Budget 2017 - everything small businesses need to know
The important stuff for small businesses from Phillip Hammond's Budget
At 12.30pm today (8 March 2017) Chancellor Phillip Hammond took centre stage in the House of Commons to deliver the last ever Spring Budget. Despite admitting that growth forecasts for 2018 to 2020 have been cut, he says the future is bright for the British economy.
Other key announcements included £2 billion for social care, a new sugar tax to combat obesity and a 20% roaming charge hike for the privilege of using your mobile abroad. Good news for a social care sector in crisis. Bad news for sweet toothed holidaymakers.
But what does the Budget mean for the UK’s small businesses? More specifically, how does the government plan to save the 520,000 businesses facing potentially fatal rate increases?
£435 million olive branch
The Chancellor has devised three measures to ease the burden of business rate increases. Combined, they amount to cuts of £435 million.
The three measures are:
A £300 million fund for local authorities to disseminate to businesses hit hardest by rate increases, on a discretionary basis.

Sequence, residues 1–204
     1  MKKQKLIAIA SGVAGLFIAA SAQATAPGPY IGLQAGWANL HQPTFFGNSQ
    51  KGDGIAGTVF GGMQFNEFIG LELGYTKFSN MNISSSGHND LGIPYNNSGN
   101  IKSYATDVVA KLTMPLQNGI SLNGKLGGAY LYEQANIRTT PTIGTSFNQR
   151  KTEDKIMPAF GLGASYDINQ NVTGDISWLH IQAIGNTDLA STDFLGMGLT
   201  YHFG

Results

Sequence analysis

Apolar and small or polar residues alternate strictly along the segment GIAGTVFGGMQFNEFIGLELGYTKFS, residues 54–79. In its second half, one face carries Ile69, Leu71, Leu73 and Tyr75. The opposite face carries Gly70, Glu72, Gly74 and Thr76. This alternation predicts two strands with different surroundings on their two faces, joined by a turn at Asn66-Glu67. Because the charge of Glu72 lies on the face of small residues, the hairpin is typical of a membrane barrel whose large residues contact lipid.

A cap for any business coming out of rate relief which prevents additional costs exceeding £50 per month.
A £1,000 discount on rates for any pub with a rateable value of less than £100,000 – which accounts for 90% of English pubs.
At £435 million it's a sizeable pot, but business bodies aren’t exactly hailing Hammond as the small business saviour.
“The new money is a direct and much-needed response to those facing astronomical hikes in their business rates”, said Mike Cherry, Chairman of the Federation of Small Businesses.
“Measures that mitigate the short-term impact of business rate rises are little more than a sticking plaster”, said the British Chamber of Commerce. "The radical changes needed to improve the broken business rates system will have to wait for another day."
Taxes to rise for self-employed
For the sole traders and the one-man bands there are tax increases inside Phillip’s red case.
The self-employed paying the main rate of class 4 National Insurance contributions will see an increase of 1% to 10% in April 2018 and 11% in April 2019.
On average, the rises will cost those affected 60p a week.
For many, the announcements made today will lack the level of detail needed to plan for the future.
Return to the Biz Hub for future Budget announcements and expert advice on how they affect small businesses.